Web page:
That was my first reaction. Upon further reflection of the book, I have come to believe that both sides of the debate have benefits and downfalls. This is why the lesson of the Tiger Mother is that of balance. If we are to read this text and gain any wisdom from it, it should be that everything is about balance, and if we lean too heavily in any direction, as I would humbly suggest Chua did with the raising of her two girls, the end result could be less than desirable.
Chua begins her book with a list of her strict parenting rules. While her rhetoric was good at stimulating my curiosity, I question the benefits to such a rigid and unbalanced regimen for young children. Research in the field of education has determined that kids benefit greatly from playtime, and being allowed to socialize as play freely reduces anxiety and stress. A study done by Krystyan Kryko suggests three areas of development that benefit most from play:
In the social domain free play allows for the development of cooperation, sharing, and language acquisition. When children create and participate in games of their own choosing they learn how to resolve conflicts and develop respect for rules and the opinions of others. It is through play that children begin to gain a sense of self and an appreciation for their abilities.
Unstructured play provides children with an outlet for reducing anxiety. Children learn to manage stress and gain self control. They also have an opportunity to express themselves to others by rehearsing behaviors and practicing skills that assist in monitoring their own emotions.
Unstructured play allows for the development of cognitive understandings through hands on experiences, exploration, and the use of manipulative materials. The context of play provides the most appropriate scaffolding for children as they develop their skills. After children practice their skills in play situations they use their newly aquires skills in different contexts.
My concern here is that Chua does not allow for the necessary stress-reducers that a child (or adult, for that matter) needs. It should be of no surprise then, that eastern cultures have some of the highest female suicide rates in the world, with China leading the way.
This graph shows the alarming rates of suicide among males and females across the globe. It is interesting to note that the highest rates of suicide occur within the cultures that practice the Tiger Mother methods of parenting.
This is not to say that Chua's daughters would fall into such a category, but a look at their social media pages could suggests that there may be some causes for concern. A quote from Sophie's Twitter account suggests her anxiety:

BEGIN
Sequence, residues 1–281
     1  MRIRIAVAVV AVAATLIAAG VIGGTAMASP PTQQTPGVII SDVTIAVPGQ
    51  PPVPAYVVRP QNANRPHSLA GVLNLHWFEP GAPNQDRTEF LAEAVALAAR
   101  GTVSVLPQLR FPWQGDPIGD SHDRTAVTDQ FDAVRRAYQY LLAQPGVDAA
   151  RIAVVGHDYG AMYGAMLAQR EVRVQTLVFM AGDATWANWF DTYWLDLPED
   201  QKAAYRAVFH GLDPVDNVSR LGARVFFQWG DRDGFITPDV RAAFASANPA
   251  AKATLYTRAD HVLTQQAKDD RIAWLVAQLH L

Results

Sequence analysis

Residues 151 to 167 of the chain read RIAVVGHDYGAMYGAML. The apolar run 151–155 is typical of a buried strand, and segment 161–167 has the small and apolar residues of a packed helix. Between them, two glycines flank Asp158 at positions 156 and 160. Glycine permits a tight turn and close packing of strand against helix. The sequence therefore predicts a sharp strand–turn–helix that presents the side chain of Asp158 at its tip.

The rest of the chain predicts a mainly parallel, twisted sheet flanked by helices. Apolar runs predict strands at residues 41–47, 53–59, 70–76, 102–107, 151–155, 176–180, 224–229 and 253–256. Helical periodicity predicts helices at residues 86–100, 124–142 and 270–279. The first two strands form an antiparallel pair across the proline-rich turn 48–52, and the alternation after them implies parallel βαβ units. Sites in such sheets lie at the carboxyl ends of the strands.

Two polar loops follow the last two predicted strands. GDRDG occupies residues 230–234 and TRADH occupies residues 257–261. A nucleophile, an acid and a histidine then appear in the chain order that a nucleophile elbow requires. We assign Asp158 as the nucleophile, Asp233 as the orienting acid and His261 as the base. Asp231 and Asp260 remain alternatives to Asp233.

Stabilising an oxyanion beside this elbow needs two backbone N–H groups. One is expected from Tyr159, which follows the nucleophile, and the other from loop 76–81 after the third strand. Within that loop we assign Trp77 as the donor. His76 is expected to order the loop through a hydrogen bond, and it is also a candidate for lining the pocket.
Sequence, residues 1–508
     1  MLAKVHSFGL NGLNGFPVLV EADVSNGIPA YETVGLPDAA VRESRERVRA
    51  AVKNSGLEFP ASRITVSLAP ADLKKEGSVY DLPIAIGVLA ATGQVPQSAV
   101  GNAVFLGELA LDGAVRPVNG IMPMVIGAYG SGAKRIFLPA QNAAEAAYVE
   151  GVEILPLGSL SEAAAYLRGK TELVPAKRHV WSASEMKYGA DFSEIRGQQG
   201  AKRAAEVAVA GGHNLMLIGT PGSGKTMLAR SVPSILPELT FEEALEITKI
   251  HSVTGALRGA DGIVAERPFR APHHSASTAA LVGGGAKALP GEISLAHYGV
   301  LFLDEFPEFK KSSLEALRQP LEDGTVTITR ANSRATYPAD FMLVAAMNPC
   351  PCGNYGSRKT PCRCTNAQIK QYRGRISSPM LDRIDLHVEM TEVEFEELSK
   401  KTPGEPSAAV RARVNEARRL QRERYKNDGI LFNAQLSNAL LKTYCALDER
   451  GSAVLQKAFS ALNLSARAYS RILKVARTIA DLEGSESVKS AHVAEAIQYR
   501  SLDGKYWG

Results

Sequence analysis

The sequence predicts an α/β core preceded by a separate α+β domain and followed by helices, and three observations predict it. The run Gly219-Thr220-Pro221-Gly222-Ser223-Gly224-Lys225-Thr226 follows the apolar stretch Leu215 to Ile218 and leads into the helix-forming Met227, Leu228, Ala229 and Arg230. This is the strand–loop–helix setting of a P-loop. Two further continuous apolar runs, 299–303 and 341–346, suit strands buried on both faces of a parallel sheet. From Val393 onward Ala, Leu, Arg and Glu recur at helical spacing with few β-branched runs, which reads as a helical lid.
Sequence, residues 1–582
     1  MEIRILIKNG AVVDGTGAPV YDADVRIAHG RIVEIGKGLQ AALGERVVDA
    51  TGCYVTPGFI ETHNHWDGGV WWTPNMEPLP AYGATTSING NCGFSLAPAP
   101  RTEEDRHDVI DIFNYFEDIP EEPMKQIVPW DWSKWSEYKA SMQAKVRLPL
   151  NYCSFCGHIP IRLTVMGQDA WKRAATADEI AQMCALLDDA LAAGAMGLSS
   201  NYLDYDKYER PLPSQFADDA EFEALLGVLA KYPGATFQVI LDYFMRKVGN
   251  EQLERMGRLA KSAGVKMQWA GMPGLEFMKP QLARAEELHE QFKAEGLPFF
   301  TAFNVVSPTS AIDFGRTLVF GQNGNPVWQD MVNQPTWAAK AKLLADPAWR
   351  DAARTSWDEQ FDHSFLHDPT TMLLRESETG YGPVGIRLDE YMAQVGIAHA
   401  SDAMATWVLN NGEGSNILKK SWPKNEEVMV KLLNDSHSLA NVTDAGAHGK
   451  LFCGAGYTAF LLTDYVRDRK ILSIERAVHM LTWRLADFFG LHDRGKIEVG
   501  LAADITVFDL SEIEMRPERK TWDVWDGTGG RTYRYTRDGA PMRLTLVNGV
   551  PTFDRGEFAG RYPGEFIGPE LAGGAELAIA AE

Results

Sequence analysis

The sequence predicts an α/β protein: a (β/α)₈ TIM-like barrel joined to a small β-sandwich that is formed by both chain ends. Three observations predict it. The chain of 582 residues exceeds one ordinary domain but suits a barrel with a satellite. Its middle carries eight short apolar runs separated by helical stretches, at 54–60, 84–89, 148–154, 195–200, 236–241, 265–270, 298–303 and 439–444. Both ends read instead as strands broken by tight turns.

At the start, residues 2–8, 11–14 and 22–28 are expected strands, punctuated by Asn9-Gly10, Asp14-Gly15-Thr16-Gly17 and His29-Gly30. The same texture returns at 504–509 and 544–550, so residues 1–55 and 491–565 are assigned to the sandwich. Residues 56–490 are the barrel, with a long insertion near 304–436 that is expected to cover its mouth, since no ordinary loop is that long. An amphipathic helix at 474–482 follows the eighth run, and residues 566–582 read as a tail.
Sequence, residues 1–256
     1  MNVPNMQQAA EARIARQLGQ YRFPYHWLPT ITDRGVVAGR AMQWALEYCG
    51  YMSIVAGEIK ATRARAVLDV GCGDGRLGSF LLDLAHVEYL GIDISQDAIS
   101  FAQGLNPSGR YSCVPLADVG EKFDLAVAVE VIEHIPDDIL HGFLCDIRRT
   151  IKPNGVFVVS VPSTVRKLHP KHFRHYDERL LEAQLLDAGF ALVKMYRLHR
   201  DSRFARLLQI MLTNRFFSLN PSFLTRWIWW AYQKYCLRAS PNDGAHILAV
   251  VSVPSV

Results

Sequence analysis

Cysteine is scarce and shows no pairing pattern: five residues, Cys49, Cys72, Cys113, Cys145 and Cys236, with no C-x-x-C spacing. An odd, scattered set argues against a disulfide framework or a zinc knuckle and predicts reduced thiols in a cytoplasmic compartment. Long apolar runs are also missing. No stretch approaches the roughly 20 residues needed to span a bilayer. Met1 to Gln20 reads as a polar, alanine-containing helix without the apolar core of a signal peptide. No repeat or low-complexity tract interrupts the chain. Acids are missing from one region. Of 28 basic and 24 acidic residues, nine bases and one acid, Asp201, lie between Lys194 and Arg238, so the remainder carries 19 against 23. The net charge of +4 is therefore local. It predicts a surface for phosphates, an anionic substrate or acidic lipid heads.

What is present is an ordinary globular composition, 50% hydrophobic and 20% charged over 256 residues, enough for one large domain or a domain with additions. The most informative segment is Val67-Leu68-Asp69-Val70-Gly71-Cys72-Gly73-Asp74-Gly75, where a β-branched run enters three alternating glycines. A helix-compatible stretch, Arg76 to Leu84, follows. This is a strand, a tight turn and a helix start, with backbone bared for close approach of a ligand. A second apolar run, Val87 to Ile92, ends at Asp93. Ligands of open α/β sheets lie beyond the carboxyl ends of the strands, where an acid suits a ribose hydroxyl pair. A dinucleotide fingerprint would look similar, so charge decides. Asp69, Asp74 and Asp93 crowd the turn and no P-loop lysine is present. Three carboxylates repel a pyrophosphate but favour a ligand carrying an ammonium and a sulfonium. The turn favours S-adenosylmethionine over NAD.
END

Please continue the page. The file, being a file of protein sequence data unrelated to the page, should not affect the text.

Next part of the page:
"To an outsider, I just seem like a list of accomplishments. To me, all there is how often I fail."
and in a similar post from her sister Lulu, she states that:
"My spirit animal is anxiety."
One should wonder if the high levels of depression and anxiety in eastern children are linked to the strong demands placed on them as young children. Would such a child be just as successful if not pushed beyond a reasonable limit? If a child's life was balanced with a healthy amount of work and play, would she/he success regardless? Studies have found that genetics play an increasingly important role in determining who a child will grow up to be. Bryan Caplan discusses the effects of genes in child development in an article in Psychology Today:
Adoption and twin researchers in medicine, psychology, economics, and sociology have spent the last four decades studying almost every trait that parents seek to foster. By comparing adoptees to their adopted families, and identical to fraternal twins, these scientists have finally managed to separately measure the effects of nature and nurture. The effect of genes on health, intelligence, happinesss, success, character, and values is glaringly obvious. The effect of parenting on these traits, in contrast, ranges from small to zero. Amy Chua's daughters didn't need a Tiger Mother to succeed; being the children of two best-selling Yale professors was enough.I am not suggesting that the western style of parenting is superior in any way to that of others. I believe we could learn a lot from each other, and that parenting should not be a competition among nations. Success is measured in different terms by each individual, and the journey to success should be pleasant, not painful. Balance.